Hagir Sail is a consultant with the Calgary African Community Collective. She attended a community meeting in Marlborough hoping to find out more about why police charged and then stayed homicide charges against two Black teen brothers. (Elise Stolte/CBC)
Hagir Sail, an engagement professional and consultant for the Calgary African Community Collective, says communication was also a problem last fall, when police charged and then withdrew charges against two teen brothers from one of Calgary's East African communities.
Police said the brothers matched the description from a witness at the scene. They were arrested and sat in jail for a week before someone posted a video of the shooting online, exonerating them.
Police Chief Mike Neufeld issued a public apology. But Sail is frustrated the chief did not meet with their African advisory board.
There was an invite-only meeting in Marlborough, where several East African community leaders believed they would finally get answers. But the meeting was not what they thought, said Sail. The majority of people in the room appeared to be white Marlborough community members concerned about the increase in violent crime, said Sail.
Police met with South Sudanese community leaders in mid-December. Sail's background is North Sudanese and she was not invited to that meeting.
In her view, police efforts to build partnerships, boards and community liaisons is good. But clear communication during a community crisis is important and missing.
"As soon as you have a specific instance, that's where everything matters. You have a 14-year-old boy whose life is basically on the line. It's a specific instance and that's when there's the blue line. Everybody falls in line, everybody starts protecting and the lines get tight, right? Everybody has this exact same thing to say."
Police tape around the scene of a police shooting in Bridgeland in 2018. An undercover officer had fatally shot an immigrant from East Africa. (Evelyne Asselin/CBC)
Munyezamu has another example of where a lack of communication is damaging community trust.
Yassin Osman was a young man who grew up in southwest Calgary, whose siblings played soccer with Munyezamu's organization, Umoja Community Mosaic.
His family originally came from East Africa and he was doing well. He even enrolled in university, Munyezamu said.
"Everyone in my soccer program knew Yassin. We knew his father, his mother. He was like a brother in the neighbourhood."
Then several years passed, and in 2018, the 27-year-old was shot and killed by an undercover police officer outside a house in Bridgeland. The story that circulated throughout the community was that Osman had left to get ice cream from the corner store down the street.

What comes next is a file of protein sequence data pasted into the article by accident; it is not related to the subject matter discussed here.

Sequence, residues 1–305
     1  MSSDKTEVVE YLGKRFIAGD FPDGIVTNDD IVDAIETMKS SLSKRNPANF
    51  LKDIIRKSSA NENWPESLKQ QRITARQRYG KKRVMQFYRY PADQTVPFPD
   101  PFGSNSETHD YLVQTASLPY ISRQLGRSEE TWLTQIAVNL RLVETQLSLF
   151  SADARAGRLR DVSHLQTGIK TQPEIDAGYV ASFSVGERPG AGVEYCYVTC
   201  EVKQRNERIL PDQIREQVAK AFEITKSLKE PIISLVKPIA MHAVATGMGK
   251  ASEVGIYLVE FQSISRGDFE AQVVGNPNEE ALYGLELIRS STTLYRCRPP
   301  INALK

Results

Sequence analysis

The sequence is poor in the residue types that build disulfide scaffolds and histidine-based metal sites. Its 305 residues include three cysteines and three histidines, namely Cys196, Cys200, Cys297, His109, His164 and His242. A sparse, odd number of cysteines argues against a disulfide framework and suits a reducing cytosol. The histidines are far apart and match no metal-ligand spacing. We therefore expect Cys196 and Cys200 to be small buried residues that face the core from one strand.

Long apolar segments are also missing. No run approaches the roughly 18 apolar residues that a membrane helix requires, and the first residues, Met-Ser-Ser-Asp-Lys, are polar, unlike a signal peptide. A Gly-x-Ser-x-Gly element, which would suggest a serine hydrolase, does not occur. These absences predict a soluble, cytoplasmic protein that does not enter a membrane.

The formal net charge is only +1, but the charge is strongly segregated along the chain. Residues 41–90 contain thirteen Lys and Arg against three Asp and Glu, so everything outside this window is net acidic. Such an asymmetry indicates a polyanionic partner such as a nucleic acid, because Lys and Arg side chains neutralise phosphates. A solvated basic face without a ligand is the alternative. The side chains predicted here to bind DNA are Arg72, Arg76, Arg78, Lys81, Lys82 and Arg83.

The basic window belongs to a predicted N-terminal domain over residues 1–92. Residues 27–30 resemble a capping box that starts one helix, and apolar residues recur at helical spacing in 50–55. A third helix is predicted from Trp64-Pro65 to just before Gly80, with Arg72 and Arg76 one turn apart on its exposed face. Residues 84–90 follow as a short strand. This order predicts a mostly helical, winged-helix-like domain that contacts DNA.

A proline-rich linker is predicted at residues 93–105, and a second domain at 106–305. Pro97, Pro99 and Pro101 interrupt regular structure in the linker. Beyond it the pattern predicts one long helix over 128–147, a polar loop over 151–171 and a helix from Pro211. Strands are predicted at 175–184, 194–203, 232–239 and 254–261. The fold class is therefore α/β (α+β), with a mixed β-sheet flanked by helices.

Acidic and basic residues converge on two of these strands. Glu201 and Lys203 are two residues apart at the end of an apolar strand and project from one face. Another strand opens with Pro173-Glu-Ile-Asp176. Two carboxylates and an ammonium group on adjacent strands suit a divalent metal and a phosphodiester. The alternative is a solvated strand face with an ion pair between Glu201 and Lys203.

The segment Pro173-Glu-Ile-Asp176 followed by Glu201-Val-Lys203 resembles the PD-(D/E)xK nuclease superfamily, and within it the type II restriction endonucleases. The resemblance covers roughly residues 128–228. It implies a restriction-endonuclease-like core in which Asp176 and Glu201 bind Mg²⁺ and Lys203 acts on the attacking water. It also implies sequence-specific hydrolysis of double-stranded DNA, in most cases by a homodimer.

The community believes this is another example of an unjustified police shooting.
The kids still believe the police just killed him. - Jean Claude Munyezamu
But there is now more information publicly available, if a person knows where to go looking. The Alberta Serious Incident Response Team investigated and issued a seven-page report in 2021.
In that ASIRT report, Osman's roommates tell police he went to get drugs from a nearby convenience store. They said he had a knife and had no money.
The undercover officer said Osman yanked his car door open while he was on break and tried to rob him at knife point. The medical examiner said he had evidence of past drug use on his body, including needle marks in his arm.
But Munyezamu didn't see that report until he shared Osman's name and story with CBC Calgary. We downloaded and forwarded it to him.
Jean Claude Munyezamu speaks to reporters outside a closed-door meeting in the Marlborough neighbourhood. He believes police should hold town hall sessions to update communities after incidents involving police if they want to build trust. (Julie Debeljak/CBC)
"When he died, people were devastated in the community, and as far as I know, the kids still believe the police just killed him. There is no communication," said Munyezamu.
Police and community need to have the same kind of town hall that police offered the Marlborough residents after the fall shooting, he said.
But not just for the Somali community, or the South Sudanese or any one specific ethnic group, he said. Community groups need to resist and push back when police try to do that, and to band together to lobby police for information.
Everyone who knew Osman or was affected by news of his death should be invited.
"They should come to the Glenbrook Community Hall because he grew up here. They should come and say, this is what happened," Munyezamu said.
"Whatever people believe or don't believe it's up to them," he said. "If police come to the community and create that communication, that will give people peace of mind that police did not come to murder him."
For more stories about the experiences of Black Canadians — from features on anti-Black racism to success stories from within the Black community — check out Being Black in Canada, a CBC project Black Canadians can be proud of. You can read more stories here.